Arabic is the majority language, Kurdish is spoken by approximately 15-20% of the population. English is spoken by most businessmen.

Duty Free

Travellers to Iraq may import the following goods tax-free: up to 200 cigarettes/10 cigars/250g of tobacco, one litre spirits, two litres wine, and goods valued to goods up to the value of ID500,000. It is also advised not to bring magazines, films or books contrary to country norms.


Electrical current is 230 volts, 50Hz. Round two-pin plugs are standard.


A vaccination is required for passengers arriving in Iraq within 6 days of staying in a country with a risk of yellow fever transmission. Travellers holding passports containing evidence of being in Israel, or holding evidence which suggests that they intend on going to Israel, will be denied access to the country. Visa extensions are possible by application. Regardless of official guidelines, we always recommend that passports have at least six months validity when travelling.

Entry Requirements

A passport valid for at least six months beyond the period of intended stay, and a visa, are required to enter Iraq. Canadian nationals can obtain a visa on arrival at Erbil or Sulaymaniyah Airports for a maximum stay of 30 days.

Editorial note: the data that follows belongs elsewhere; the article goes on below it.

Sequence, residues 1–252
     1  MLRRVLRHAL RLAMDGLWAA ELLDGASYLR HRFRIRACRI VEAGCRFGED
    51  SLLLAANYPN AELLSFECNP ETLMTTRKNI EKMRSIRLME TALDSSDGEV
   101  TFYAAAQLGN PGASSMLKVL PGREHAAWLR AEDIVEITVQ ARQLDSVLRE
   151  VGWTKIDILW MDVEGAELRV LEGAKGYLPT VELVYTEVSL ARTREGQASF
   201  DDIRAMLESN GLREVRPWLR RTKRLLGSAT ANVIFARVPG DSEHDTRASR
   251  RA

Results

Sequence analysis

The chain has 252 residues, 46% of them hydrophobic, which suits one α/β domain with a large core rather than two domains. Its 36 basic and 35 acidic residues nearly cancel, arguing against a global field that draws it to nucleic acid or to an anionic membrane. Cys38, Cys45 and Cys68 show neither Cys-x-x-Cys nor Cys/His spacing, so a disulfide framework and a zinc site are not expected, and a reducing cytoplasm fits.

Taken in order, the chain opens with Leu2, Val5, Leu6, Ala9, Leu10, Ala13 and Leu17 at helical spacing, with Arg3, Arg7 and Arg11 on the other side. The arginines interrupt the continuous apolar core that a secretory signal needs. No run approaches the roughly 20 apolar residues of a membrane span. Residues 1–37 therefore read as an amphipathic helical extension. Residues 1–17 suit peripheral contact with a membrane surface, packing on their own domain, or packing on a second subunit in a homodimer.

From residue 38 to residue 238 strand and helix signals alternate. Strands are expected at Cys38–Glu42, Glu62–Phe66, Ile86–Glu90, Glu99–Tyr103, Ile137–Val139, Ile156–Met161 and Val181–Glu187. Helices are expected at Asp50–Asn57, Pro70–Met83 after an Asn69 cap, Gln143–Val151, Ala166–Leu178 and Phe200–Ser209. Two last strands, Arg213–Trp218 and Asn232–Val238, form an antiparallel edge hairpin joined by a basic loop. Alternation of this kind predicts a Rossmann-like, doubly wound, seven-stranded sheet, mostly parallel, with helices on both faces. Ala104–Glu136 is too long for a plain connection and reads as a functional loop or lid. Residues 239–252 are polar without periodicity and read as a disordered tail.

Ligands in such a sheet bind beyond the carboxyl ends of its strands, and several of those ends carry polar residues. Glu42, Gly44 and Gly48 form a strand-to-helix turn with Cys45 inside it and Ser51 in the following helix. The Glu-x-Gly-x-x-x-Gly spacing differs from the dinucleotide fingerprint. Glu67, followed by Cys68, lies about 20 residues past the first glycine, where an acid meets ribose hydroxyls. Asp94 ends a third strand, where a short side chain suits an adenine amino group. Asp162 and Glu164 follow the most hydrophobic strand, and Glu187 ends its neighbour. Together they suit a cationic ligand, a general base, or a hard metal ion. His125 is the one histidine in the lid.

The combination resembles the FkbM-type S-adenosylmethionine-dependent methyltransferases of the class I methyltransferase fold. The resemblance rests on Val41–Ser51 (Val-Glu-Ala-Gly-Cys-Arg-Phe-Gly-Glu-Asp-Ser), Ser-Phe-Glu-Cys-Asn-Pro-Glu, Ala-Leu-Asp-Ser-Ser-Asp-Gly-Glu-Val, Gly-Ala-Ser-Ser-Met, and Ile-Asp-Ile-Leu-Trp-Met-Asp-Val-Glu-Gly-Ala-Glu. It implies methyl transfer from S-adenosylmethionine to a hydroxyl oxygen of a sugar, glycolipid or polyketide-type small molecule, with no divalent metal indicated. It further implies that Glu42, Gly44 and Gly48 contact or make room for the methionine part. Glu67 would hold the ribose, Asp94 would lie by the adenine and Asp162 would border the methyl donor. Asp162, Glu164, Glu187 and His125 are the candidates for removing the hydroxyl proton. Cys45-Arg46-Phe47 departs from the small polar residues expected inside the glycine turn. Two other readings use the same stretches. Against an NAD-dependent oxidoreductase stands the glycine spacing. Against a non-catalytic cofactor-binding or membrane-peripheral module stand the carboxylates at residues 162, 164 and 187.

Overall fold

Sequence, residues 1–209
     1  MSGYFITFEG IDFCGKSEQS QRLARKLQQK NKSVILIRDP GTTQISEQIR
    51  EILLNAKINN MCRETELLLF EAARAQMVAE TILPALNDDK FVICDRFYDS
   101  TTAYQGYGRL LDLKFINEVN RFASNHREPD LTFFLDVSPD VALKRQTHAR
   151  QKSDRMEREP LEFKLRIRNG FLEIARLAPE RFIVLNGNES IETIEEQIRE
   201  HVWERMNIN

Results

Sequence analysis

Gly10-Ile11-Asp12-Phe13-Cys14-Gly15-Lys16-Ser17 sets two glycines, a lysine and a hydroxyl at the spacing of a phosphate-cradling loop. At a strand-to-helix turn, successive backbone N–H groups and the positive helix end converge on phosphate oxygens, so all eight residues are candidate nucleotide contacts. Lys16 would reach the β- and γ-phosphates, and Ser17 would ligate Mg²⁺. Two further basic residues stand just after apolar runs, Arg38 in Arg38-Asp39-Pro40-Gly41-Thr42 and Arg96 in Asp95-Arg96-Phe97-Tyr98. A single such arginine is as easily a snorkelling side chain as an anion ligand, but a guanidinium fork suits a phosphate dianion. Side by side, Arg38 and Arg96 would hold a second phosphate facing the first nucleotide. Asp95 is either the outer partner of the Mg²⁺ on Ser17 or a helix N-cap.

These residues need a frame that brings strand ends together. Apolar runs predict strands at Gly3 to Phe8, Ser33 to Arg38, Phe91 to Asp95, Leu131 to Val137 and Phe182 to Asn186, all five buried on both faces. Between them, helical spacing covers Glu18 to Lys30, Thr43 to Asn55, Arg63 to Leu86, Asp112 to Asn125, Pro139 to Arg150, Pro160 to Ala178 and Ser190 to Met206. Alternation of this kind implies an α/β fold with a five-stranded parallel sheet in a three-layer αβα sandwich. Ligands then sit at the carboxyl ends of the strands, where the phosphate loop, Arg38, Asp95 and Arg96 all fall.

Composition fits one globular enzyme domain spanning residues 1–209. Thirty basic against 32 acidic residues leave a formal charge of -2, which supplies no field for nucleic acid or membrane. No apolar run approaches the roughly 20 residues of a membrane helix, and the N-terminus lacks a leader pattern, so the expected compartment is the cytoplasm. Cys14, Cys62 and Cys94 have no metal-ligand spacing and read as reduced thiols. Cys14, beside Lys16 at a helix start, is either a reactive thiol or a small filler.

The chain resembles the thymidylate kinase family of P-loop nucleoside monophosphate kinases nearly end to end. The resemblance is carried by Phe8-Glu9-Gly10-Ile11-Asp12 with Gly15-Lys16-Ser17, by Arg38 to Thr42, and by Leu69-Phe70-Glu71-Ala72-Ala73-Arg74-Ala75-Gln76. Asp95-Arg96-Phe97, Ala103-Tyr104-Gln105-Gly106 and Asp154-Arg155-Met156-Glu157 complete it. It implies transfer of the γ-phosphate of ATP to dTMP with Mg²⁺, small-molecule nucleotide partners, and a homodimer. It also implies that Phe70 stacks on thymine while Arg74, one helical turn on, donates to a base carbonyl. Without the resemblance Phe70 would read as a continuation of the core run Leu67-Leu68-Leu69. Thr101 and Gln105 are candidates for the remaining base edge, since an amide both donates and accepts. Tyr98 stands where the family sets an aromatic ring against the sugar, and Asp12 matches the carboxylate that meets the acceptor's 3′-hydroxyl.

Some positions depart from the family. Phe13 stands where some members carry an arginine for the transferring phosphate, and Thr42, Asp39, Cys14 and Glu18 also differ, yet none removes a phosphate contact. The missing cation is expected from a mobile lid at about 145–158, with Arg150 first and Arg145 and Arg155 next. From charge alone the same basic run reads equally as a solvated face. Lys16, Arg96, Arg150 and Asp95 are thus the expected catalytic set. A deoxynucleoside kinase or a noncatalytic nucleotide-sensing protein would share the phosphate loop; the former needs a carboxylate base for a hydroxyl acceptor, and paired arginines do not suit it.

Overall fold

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There are a few health risks to consider when travelling to Iraq. Travellers are recommended to be vaccinated against polio and typhoid. Malaria is a risk in some parts of the country, and cholera outbreaks also occur. Yellow fever certificates are required by those arriving from an infected country in Africa or the Americas. Tap water should not be drunk, including ice in drinks, and food precautions should be taken. Healthcare facilities are limited, especially in rural areas. Travellers are advised to have full medical insurance and to consult with their medical practitioner prior to travel.


All but essential travel to Iraq is advised against. Travel within Iraq remains very dangerous given the security situation.

Emergency Phone Number